Source: Heart Failure Clinics - March 4, 2020 Category: Cardiology Source Type: research

Forthcoming Issues
Cardiovascular Emergencies, Part II (Source: Heart Failure Clinics)
Source: Heart Failure Clinics - March 4, 2020 Category: Cardiology Source Type: research

Acute and Chronic Effects of Cancer Drugs on the Cardiovascular System
Several cancer treatments cause cardiotoxicity that can lead to heart failure, coronary artery disease, arrhythmia, and pericardial disease. In this review, representative cases of heart failure following cardiotoxicity caused by trastuzumab, anthracycline, and hematopoietic stem cell transplantation are described with case notes. Additionally, other important points regarding cardiotoxicity related to heart failure are reported. During and after potentially cardiotoxic therapy, periodic cardiac examinations are recommended to detect any cardiovascular disorders; these are ameliorated if appropriately diagnosed at an earli...
Source: Heart Failure Clinics - February 11, 2020 Category: Cardiology Authors: Shohei Moriyama, Mitsuhiro Fukata, Hitoshi Kusaba, Toru Maruyama, Koichi Akashi Source Type: research

Acute Mitral Regurgitation and Transcatheter Mitral Valve Repair in an Emergency Case
Acute mitral regurgitation is an uncommon, challenging disease that requires emergent care and proper management. To evaluate its etiology, echocardiography is essential. However, echocardiography findings in these patients are often different from that of chronic mitral regurgitation owing to the acute elevation of left atrial and pulmonary artery pressure derived from the small left ventricle and atrium with low compliance. Although surgical correction is usually required owing to the hemodynamic instability, many patients are considered to be at high surgical risk. Transcatheter mitral valve repair using MitraClip (Abbo...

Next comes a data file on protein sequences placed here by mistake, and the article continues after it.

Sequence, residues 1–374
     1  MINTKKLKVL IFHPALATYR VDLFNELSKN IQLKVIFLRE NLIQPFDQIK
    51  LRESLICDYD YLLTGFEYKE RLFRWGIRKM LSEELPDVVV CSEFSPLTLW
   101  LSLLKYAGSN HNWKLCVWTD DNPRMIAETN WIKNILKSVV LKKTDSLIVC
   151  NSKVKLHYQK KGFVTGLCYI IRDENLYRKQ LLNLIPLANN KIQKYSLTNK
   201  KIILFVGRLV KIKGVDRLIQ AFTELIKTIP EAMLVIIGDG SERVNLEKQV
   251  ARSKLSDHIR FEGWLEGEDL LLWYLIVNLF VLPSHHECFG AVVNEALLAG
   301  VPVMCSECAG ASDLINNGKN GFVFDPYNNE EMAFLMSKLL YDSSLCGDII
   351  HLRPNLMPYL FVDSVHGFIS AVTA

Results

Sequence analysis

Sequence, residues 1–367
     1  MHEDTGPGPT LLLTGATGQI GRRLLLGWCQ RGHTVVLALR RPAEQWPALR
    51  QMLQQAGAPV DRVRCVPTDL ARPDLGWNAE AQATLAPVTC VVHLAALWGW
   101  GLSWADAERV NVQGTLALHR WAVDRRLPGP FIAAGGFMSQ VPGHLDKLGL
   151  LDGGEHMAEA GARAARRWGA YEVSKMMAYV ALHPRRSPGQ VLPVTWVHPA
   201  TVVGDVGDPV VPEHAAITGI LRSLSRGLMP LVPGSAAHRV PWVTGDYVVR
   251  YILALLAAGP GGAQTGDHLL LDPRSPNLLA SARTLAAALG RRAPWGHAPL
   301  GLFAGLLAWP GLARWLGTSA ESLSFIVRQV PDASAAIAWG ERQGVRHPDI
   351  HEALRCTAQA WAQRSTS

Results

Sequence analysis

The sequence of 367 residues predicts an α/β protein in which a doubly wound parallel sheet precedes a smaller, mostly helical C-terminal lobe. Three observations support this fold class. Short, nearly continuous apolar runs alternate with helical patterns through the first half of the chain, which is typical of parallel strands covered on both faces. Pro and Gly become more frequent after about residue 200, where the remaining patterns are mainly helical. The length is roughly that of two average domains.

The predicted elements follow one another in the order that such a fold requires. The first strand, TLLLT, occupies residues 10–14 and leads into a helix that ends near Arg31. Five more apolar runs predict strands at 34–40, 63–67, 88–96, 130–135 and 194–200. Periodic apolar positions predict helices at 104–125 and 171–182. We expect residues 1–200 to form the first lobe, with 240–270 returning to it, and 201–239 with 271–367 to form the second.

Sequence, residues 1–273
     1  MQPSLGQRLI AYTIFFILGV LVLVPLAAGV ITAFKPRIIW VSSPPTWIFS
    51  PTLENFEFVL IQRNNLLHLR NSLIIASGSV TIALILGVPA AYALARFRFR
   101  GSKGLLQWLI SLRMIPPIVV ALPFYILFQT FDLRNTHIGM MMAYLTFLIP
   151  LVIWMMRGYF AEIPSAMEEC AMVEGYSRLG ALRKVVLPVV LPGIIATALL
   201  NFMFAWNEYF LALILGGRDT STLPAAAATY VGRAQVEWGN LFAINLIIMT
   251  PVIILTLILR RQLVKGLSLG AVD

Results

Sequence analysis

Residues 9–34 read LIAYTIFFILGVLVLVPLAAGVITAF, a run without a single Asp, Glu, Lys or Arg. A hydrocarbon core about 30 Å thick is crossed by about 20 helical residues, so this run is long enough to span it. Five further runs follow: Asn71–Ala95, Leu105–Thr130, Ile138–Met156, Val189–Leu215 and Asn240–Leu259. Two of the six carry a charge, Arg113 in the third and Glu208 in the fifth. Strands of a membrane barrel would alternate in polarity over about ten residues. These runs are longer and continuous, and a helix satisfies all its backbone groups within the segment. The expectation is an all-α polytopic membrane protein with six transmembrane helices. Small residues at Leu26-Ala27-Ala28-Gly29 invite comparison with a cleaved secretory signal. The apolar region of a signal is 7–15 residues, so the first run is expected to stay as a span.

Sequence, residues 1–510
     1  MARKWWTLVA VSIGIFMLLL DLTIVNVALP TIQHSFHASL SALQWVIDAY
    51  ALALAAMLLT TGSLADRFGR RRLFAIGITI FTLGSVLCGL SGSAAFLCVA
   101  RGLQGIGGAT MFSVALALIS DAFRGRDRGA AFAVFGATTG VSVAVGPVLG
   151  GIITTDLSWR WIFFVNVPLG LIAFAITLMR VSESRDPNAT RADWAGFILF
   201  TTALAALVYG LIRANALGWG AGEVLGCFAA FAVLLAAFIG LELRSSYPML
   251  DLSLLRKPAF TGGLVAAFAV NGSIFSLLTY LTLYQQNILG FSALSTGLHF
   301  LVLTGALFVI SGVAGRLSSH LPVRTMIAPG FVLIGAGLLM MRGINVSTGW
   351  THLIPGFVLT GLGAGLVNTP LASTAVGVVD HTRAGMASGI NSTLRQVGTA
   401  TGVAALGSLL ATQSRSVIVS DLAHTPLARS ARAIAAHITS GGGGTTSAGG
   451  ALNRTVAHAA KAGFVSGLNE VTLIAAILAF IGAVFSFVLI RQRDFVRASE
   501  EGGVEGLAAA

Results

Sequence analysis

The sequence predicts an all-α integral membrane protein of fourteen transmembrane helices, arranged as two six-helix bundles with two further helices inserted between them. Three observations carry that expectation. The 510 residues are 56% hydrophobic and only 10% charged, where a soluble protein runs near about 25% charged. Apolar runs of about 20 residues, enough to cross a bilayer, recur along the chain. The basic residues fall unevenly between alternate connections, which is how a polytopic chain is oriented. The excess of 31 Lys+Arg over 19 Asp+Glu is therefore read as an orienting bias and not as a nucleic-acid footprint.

Source: Heart Failure Clinics - February 11, 2020 Category: Cardiology Authors: Atsushi Hayashi, Yogamaya Mantha, Rakushumimarika Harada Source Type: research

How to Bail Out Patients with Severe Acute Myocardial Infarction
Cardiogenic shock (CS) is the most serious complication of acute myocardial infarction (AMI). The practice of early revascularization by percutaneous coronary intervention, and advances in pharmacotherapy have reduced the rate of complications of CS. However, when CS is combined with AMI, mortality from AMI is still high, and many clinicians are wondering how to treat CS with AMI. In recent years, mechanical circulatory support (MCS) devices have improved the clinical outcome in AMI patients with CS. For best outcome, treatment of AMI with CS should always consider treatments that improve the prognosis of the patients. (So...
Source: Heart Failure Clinics - February 11, 2020 Category: Cardiology Authors: Yuichiro Toma Source Type: research

Palliative Care in Patients with Advanced Heart Failure
The heart failure (HF) guidelines recommend palliative care; however, it can often be difficult to determine the timing of palliative care referral. Because HF with fluid retention and low-cardiac output may trigger several unpleasant symptoms, continuous HF treatment is required to alleviate these symptoms in advanced HF. The patients with HF often suffer from total pain; therefore, the support from a multidisciplinary team plays a crucial role to improve quality of life of the patients and their families not only in the terminal phase but also from the early stage. (Source: Heart Failure Clinics)
Source: Heart Failure Clinics - February 11, 2020 Category: Cardiology Authors: Keisuke Kida, Shunichi Doi, Norio Suzuki Source Type: research

Acute Decompensated Heart Failure in Patients with Heart Failure with Reduced Ejection Fraction
Acute decompensated heart failure (ADHF) requires immediate treatments because it impairs perfusion to systemic organs and their function. Half of all patients with ADHF are diagnosed with heart failure with reduced left ventricular ejection fraction (HFrEF). The initial goal of management for ADHF is to stabilize hemodynamic status. Pulmonary edema is treated with vasodilators or diuretics. Inhibitors of the renin-angiotensin-aldosterone system and β-blockers should be started and/or increased to meet the maximum dose, ideally the target dose, that the patient can tolerate as a treatment of HFrEF. Patients with sever...